You may now understand the importance of planning ahead when you choose to optimize Google My Business. If you post every relevant product or service, across every area, in every neighborhood, in every city, it can turn into quite a few posts. If my math is correct, a smaller city with just 10 neighborhoods, 3 major areas, and a business with 10 offerings would be 10 X 3 X 10.
That’s 300 images, meaning 300 separate adds. If you add 3 more adjacent cities, you see where this is going.
How Often To Do This
I recommend doing 2-3 of these a day. If you can only do 1/day, that’s fine. Whatever frequency makes sense for you is OK. The key is consistency and thoroughness over time. It will move the needle for your business in local search.
Hear is an example for an electrician just in case this isn’t clear:
Do that for every service/product with a relevant photo. Then rinse and repeat for other cities, areas, neighborhoods, etc, and you will be amazed at the difference this will make in your local search effectiveness.
Tip #2: Post Updates to Optimize GMB
I’m going to start this tip by saying this is almost identical to Tip #1 with the addition of a little extra work and a lot of extra bang.
Every business has updates whether you optimize Google My Business or not. Whether it’s something as mundane as a new shipment of cardboard boxes that just arrived or an awesome new chef direct from the Himalayas coming on board at your restaurant, you have updates that should be posted to your GMB listing. If you are using social media for this, great! But, Goggle My Business is an equally valuable venue to create these posts. It’s simple and it will yield tangible results in your business ranking and being found on local search results.
The Anatomy Of A GMB Update
Just like a post on Facebook or Instagram, a GMB Update is a place in your GMB listing that allows you to attach an image and then write something about it. Just like we indicated earlier, go to your GMB listing and get to your dashboard. On the lefthand menu, select Posts.
At the top of the page you will see options to Add Update, Add Event, Add Offer and Add Product. In this article, I am only talking about Add Update. The others will likely become clearer and only differ slightly.
To add an update, you will need an image. I recommend a size of 1200 x 900 px. If you use a smaller size, try to adhere to the same aspect ratio, but no smaller than 400 x 300 px. Here is a thread on Google support that talks more about this.
Importance Of Naming Convention
Just as we discussed in the photo tip, naming convention is important when you use photos to optimize Google My Business — possibly more important in updates.
Using the same naming convention as above i.e. topic-locale.jpg, we also need to make our first line in the post text the same. For example, if you are posting for Best Hanger Steak in Savannah you would go with:
Image name: besthangersteak-savannah.jpg and the first line of your post text would read Best Hanger Steak In Savannah.
This is really important so be consistent and keep track. You will also need to say something about the update. Google gives you a limited text editor with no formatting, so be brief and to the point with the remainder of your post text.
Create The Post And Call-To-Action
We’ve created the image adhering to our naming convention and we have also written the first line in the post that is the same. Now, add the remainder of the text. Make sure it is relevant and you don’t run off topic. It’s not nearly as important as the first sentence, but you want to stay within the topic range.
Here’s the best part of a GMB Update. You can add a call-to-action button. It will have one of five possible labels: Book, Order Online, Buy, Learn More, or Sign Up. Pick the right button for your update and add a relevant link. You can then preview the update or publish it. Very simple and it should only take you 1-2 minutes to do this. Do it regularly and you will experience the results.
One GMB Update Caveat — Expired Posts
GMB Updates expire after 7 days. You may see this as a caveat, but it’s all the more reason to do this on a regular basis. Even though updates expire, they do not go away. Anyone who makes their way to your GMB listing will still be able to see the updates. They just won’t be showcased for more than a week.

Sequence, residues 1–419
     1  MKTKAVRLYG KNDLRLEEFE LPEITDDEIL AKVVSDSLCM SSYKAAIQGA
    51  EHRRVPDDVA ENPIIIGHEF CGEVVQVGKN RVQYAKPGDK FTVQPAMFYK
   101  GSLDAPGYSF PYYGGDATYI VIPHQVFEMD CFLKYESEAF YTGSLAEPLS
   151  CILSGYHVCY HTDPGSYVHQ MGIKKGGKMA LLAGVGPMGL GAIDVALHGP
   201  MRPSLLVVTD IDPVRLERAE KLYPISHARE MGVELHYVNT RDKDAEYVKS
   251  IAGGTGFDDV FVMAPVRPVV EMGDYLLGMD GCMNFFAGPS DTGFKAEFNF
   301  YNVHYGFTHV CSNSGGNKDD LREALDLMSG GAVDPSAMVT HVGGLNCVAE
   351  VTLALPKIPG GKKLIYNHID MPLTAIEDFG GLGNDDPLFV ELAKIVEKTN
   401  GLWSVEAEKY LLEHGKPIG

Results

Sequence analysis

Tip #3: Add Your Products
This is another freebie that Google gives you so use it! Your GMB listing provides you the opportunity to add your products for consumers to search. Relatively new (2018), products were added to give small and mid-sized business a way to showcase their products in Google searches. Unlike updates, Product postings never expire.
Product posts are more extensive than updates and give you the ability to categorize your products, give them a fixed price or price range, and associate a product-oriented call-to-action button.
At one time there was a limitation that you could only add 10 products at a time in the product listings. That doesn’t appear to be the case any longer but it is worth noting given this is a relatively new element of the Google My Business listing.
Be Specific About Your Product Listings
If Google gives you the opportunity to list your products, it once again pays to be specific. Wit the product listing, you get to add a headline of sorts for each product. Make sure your headline or title is very specific. Don’t settle for something like Hand Towel. Use a specific label like Blue Hand Towel Set with Custom Monogram.
When naming your products, think like a customer and how that customer may be searching for. a special product that you have! Also, make sure that the image is representative of the title and description. If you can use real images that have geotags vs. stock images — even better.
The GMB Product Call-To-Action
Just like the update, products have associated call-to-action buttons. Slightly different than an update, your choices are: Order Online, Buy, Learn More, or Get Offer. These 4 choices should suffice in whatever action you want a consumer to take after finding your product listing. Make sure that if you are linking to a website that you have a very specific conversion process.
In other words, don’t have a Buy Now button on your product and then take the consumer to a web page with general information about your company, forcing them to find your product all over again. That’s what we call defective funnel design.
When you redirect a user away from your GMB listing, take them to a place where they will be directed with exactly what to do when they get there. Leaving this to chance obliterates all the work you did to get them to your GMB listing in the first place.
Summing It Up
These 3 tips to optimize Google My Business listings are only a beginning, but an important one. In a previous post I showed you how to create your GMB listing. If you haven’t done that, make sure you do it ASAP. Then you can begin to leverage everything that Google provides in the way of getting your business noticed online.
Delegal Digital is a digital web design agency in Savannah GA that provides this service (to optimize Google My Business) and we can handle it all for you very easily. Contact us if you would like to have a conversation about your Google My Business listing and find out how you are doing against the competition.